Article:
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A Muscular Midsection

© Wayne L. Westcott PhD

The following is one in an ongoing series of columns entitled Keeping Fit by Wayne L. Westcott PhD. View all columns in series

Of course, strength training is the best activity for developing your abdominal muscles, so that you have something to show in your leaner midsection. Although some people have more muscle building potential than others, the following strength exercises best address the major midsection muscles.

  • Machine Abdominal Curl: Performed properly, this exercise effectively isolates the front abdominal muscle (rectus abdominis), and permits a progressive increase in resistance to maximize strength development.
  • Machine Rotary Torso: This exercise targets the oblique muscles on both sides of the midsection. Rotating your torso to the right uses the right internal and left external oblique muscles, and rotating your torso to the left uses the left internal and right external oblique muscles. The rectus abdominis muscle is also involved in both movements, making this an excellent exercise for overall midsection conditioning.

If you do not have access to resistance machines, I recommend a combination of bodyweight exercises performed with as little rest as possible between segments.

  • Basic Trunk Curl: This is the standard abdominal exercise, and it works very well when performed in a slow and controlled manner. Place your hands loosely behind your head to maintain a neutral neck position, and slowly curl your upper back off the floor until your abdominal muscles are fully contracted. Each repetition should be completed in about six seconds (three seconds up and three seconds down), so that 10 reps require about one minute of continuous abdominal work.
  • Reverse Trunk Curl: This more difficult movement is performed by keeping your upper back on the floor, bending your knees with your feet in the air, and slowly pressing your lower back into the floor. Like the basic trunk curl, 10 properly performed repetitions should take about 60 seconds for completion.
  • Push-Pull: This is the most demanding exercise in the sequence, and involves the rectus abdominis, internal obliques, external obliques, and hip flexor muscles. Begin by doing a basic trunk curl and remaining in the top position. Lift both knees so that both feet are off the floor. Bring your left knee backwards and try to touch it with your right elbow as you extend your right leg forward. Reverse this procedure by bringing your right knee backward and trying to touch it with your left elbow as you extend your left leg forward. Alternate this push-pull, trunk twisting action at a slow movement speed for about one minute.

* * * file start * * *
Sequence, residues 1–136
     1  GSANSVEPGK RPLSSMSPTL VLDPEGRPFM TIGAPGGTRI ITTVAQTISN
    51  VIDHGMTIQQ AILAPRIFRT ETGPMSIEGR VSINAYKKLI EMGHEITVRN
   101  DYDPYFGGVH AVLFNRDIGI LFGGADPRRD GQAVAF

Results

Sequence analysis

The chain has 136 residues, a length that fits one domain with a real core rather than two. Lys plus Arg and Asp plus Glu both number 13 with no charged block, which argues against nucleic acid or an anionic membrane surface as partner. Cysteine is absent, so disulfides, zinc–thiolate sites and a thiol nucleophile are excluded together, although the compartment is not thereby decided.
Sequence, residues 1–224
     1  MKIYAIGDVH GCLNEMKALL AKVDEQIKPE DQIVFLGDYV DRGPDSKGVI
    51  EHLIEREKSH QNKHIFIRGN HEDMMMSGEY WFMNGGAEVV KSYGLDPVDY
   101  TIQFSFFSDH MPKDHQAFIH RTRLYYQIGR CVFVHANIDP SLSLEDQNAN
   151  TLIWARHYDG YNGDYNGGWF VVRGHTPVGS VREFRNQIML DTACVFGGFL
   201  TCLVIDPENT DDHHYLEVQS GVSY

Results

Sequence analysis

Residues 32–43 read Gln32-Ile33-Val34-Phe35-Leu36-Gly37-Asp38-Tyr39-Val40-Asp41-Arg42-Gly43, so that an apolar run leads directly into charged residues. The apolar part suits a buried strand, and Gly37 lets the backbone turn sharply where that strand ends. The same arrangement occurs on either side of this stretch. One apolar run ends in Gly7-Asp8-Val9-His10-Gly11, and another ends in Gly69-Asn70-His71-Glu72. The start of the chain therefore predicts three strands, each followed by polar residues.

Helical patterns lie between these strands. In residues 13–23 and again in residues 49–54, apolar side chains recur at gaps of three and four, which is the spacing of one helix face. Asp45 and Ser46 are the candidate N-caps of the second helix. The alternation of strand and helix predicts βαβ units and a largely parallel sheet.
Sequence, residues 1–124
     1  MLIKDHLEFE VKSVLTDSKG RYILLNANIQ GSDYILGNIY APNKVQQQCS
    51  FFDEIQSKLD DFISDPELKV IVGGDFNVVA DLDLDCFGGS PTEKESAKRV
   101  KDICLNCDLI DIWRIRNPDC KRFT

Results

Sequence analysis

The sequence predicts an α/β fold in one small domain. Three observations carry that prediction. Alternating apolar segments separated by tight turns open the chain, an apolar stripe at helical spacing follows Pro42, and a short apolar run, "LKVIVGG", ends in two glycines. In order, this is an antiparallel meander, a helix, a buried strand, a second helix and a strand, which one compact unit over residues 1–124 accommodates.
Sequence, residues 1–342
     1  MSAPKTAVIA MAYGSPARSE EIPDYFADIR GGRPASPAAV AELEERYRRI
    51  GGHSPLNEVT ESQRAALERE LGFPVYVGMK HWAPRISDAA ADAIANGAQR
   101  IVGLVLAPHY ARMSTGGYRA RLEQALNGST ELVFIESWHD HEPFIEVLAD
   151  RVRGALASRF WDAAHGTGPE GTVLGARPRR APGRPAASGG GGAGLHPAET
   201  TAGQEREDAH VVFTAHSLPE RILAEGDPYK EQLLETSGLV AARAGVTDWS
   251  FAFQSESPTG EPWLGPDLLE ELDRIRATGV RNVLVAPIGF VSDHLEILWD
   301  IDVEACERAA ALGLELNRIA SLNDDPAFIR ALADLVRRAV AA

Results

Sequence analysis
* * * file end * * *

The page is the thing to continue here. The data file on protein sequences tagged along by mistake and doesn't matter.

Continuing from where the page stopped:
As your midsection muscles become better conditioned, you may increase the exercise difficulty by moving more slowly, adding repetitions, or both. I recommend performing high-effort abdominal exercises on an every-other-day basis, as the muscle building process takes place during the recovery period between training sessions.

For best results, consider a combination of sensible diet, regular aerobic activity, major muscle group strength training, and specific abdominal exercises. While there is no guarantee that you will sculpt a spectacular six-pack, you should develop a slimmer and stronger midsection, as well as a high level of overall fitness and improved physical appearance.


Wayne L. Westcott, Ph.D., is fitness research director at the South Shore YMCA in Quincy, MA., and author of several fitness books including the new releases, Building Strength and Stamina and Strength Training Past 50.

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About The Author
Wayne L. Westcott, Ph.D., is fitness research director at the South Shore YMCA in Quincy, MA. He is strength training consultant for numerous national organizations, such as the American Council on Exercise, the American Senior Fitness Association, and the National Youth......more
 
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